Invest in low-CO2 tech not gas, says CCC

24th May 2013


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  • Energy ,
  • Conventional ,
  • Mitigation



Investing in low-carbon technologies could save consumers at least £25 billion, whereas pouring money into gas-fired generation would only produce significant savings if the world abandons attempts to limit global warming.

A new report from the committee on climate change (CCC) on the government’s electricity market reform (EMR) reveals that there are significant economic benefits from investing in a portfolio of low-carbon technologies over the next two decades rather than investing in gas-fired generation.

The committee says the financial gains will only materialise if the government takes action now to relieve the uncertainty that currently surrounds the UK power system beyond 2020, and which threatens to undermine the EMR and its measures to support the transition to a low-carbon power sector.

Introducing legislation now to reduce 2030 carbon intensity of power generation to 50gCO2/kWh can diminish uncertainty, says the CCC. “Industry has been clear that this would provide them with the confidence that they need to invest large amounts of money in project development and the supply chain.”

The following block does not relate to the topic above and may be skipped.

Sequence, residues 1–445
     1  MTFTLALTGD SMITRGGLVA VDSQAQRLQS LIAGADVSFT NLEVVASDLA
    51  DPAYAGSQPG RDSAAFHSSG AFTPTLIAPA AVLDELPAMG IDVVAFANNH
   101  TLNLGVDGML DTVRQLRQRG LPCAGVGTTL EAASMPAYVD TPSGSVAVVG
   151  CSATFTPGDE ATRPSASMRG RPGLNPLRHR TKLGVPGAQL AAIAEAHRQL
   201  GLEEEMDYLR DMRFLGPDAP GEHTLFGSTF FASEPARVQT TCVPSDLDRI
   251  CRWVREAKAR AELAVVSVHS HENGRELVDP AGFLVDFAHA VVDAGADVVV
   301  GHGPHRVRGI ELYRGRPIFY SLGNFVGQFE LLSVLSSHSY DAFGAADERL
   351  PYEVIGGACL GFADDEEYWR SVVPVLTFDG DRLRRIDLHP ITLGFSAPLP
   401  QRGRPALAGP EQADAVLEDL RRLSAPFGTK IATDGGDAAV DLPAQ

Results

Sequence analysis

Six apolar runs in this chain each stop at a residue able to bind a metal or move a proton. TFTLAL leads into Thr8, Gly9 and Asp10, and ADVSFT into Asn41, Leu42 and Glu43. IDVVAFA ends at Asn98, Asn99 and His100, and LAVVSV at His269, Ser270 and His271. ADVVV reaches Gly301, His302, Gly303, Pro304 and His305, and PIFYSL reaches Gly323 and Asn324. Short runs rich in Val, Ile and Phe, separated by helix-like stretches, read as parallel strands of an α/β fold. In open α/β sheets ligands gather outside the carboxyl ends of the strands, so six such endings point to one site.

The analysis by the CCC reveals that allocating financial resources to gas-fired generation through the 2020s and delaying investment in low-carbon technologies to the 2030s would not be a sensible option, and is likely to drive up costs.

According the CCC, potential savings from investing in low-carbon generation could be as high as £100 billion if gas and carbon prices escalate. The study factors in the likely impact on prices of unconventional sources of fossil fuels, such as shale gas.

The committee acknowledges that shale gas could play a role in the future gas mix, helping to balance intermittent power generation and meet demand for heat, but only if appropriate environmental safeguards are put in place.

“This report shows that there are significant benefits and very limited risks from investing in low-carbon technologies,” commented Lord Deben, chair of the CCC.

“It factors in the potential benefits of shale gas, which could play a useful role in meeting heat demand. It shows that the cost-effective route to the 2050 target involves investment in a portfolio of low-carbon technologies in the 2020s.”


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